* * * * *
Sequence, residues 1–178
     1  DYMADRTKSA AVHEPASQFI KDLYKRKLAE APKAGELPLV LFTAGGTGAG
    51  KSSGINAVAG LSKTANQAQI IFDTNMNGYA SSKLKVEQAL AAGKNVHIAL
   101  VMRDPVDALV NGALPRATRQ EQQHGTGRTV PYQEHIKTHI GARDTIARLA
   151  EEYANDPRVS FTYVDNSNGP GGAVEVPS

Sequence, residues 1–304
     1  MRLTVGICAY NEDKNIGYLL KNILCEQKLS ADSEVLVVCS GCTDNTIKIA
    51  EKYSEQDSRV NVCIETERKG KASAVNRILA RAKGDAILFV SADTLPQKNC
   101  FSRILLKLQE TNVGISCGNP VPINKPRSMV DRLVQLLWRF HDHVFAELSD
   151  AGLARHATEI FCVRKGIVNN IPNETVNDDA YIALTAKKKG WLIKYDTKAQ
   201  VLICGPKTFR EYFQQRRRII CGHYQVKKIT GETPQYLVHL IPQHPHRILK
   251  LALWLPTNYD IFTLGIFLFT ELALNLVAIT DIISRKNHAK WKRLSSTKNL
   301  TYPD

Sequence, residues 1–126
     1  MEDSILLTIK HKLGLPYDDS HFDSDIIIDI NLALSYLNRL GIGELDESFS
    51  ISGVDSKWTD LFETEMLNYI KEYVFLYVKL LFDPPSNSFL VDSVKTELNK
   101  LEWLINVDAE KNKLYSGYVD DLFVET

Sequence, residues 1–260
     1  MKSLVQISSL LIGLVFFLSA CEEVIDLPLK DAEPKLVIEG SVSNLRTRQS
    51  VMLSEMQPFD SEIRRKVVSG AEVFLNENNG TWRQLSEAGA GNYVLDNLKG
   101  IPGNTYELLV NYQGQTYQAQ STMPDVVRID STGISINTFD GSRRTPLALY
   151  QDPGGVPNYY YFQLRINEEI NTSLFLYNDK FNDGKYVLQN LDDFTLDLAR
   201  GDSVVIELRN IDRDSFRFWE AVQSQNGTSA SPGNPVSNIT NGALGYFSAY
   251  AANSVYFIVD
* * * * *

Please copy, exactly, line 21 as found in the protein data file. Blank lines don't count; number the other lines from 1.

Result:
   101  IPGNTYELLV NYQGQTYQAQ STMPDVVRID STGISINTFD GSRRTPLALY